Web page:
May 10, 2012
Can computers provide legal advice?
Sure. If not for the most sophisticated "bespoke" legal problems, then it's certainly true for routine ones like a client's request for an estate plan. Over at 3 Geeks and a Law Blog, Greg Lambert explains that more than 20 years ago he worked on a software program that was capable of offering estate planning advice. So why haven't more routine attorney functions like that been automated by now? Greg thinks it's merely because attorneys haven't pushed especially hard for that kind of innovation. That's not so surprising since these are innovations that threaten a lawyer's livelihood just as Orbitz and similar sites helped put travel agents out of business. But is there any doubt that we're soon going to see the automation of many attorney functions and that it's going to have a profound affect on the demand for the flesh and blood kind?
Back in the 80’s while in graduate school I was a librarian at a branch office of a regional firm. I was in the room when they delivered the IBM XT PC and therefore became the expert on its use (a.k.a. the beginning of my legal tech career).We had purchased the PC as we were a beta site for a document generation system for wills and trusts. A partner at the firm was involved in the start-up efforts of what would become HotDocs. And since this software ran on a PC, we had to get one.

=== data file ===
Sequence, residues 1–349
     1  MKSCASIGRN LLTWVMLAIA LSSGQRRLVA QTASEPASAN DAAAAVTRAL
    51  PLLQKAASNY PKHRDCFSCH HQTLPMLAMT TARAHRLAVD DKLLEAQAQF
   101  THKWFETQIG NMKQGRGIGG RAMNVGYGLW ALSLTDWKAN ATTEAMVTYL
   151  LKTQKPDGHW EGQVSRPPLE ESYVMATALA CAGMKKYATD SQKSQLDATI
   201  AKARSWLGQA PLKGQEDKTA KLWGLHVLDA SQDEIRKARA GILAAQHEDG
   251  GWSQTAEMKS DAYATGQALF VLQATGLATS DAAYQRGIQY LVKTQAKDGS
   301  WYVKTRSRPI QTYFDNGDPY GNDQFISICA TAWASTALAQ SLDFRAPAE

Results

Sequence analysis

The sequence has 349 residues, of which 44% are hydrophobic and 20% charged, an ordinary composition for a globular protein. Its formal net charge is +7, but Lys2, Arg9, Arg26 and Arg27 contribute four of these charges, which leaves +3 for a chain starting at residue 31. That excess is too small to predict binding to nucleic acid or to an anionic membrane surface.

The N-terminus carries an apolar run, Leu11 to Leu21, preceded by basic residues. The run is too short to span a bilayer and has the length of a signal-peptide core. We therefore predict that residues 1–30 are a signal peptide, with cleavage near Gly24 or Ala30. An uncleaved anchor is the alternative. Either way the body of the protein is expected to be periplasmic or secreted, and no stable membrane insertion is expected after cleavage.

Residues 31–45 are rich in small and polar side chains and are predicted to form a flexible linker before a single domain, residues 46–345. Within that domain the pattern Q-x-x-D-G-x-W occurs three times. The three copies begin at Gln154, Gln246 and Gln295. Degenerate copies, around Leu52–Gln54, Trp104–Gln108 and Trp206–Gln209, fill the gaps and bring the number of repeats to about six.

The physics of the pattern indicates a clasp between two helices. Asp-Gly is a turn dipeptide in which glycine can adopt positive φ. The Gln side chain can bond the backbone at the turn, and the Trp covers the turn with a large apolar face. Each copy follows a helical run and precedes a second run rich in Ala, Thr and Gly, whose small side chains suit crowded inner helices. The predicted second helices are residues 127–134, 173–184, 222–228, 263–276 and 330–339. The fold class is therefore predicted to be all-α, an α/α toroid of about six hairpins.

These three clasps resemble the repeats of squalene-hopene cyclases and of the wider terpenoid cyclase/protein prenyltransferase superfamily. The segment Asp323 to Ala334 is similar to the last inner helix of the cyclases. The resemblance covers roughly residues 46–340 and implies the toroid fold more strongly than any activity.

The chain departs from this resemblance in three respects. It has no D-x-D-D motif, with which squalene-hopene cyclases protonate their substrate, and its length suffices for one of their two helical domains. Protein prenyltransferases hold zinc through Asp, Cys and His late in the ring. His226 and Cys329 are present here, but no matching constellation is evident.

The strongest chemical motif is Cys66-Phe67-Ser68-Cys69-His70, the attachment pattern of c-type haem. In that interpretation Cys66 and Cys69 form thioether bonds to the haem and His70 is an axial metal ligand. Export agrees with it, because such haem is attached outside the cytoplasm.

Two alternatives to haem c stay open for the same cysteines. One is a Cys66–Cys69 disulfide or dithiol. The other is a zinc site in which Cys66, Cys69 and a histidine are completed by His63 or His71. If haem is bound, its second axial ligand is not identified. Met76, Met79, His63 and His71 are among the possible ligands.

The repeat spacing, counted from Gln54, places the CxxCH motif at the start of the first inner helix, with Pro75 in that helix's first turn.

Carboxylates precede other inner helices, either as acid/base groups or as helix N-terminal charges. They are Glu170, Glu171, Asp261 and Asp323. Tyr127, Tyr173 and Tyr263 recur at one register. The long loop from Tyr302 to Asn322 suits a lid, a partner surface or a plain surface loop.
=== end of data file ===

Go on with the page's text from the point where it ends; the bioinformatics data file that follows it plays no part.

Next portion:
With the program loaded up we began playing with it (which we now call QC). I answered a series of questions about my personal needs related to an estate plan, giving what was essentially ‘the facts of my legal situation.’ Well in to the questioning a yellow screen popped up and ‘gave me advice.’ I do not remember the specific advice, but the gist was that based on the my situation, I should consider changing my answer to the last question about what I thought I would want, since that did not fit with my situation. I recall distinctly sitting back and thinking - Wow. I just witnessed something unique. A computer giving me real legal advice.
. . . we haven’t put much effort in to automating lawyers. This tells me there is likely numerous ways in which we can automate. . . . . The ability for technology to perform lawyer tasks has been around now for 30 years. Isn’t about time we started using it?
May 10, 2012 | Permalink
And computers can give advice about how to handle bequests, if any, to the troubled relative? The financially reckless child? The aunt with whom there is an on-going feud? Whether trust beneficiaries should be permitted to withdraw 1/3 of the principal at age 25? 26? The point is that one of the important values that lawyers add to the estate planning process is judgment, which is wholly lacking in computers (and in most of the people who program them). Computers can be helpful tools to assist the estate planner, not only in running the complex tax computations (federal, state, and local; income, estate, gift, inheritance), but also is providing checklists, and dealing with boilerplate clauses. The notion that law can be automated is as narrow as the law student notion that learning law is nothing more than learning legal rules. Yes, it's possible that eventually a computer can be programmed to have judgment that it develops on its own, but that's a long way off.
Posted by: Jim Maule | May 11, 2012 5:12:17 AM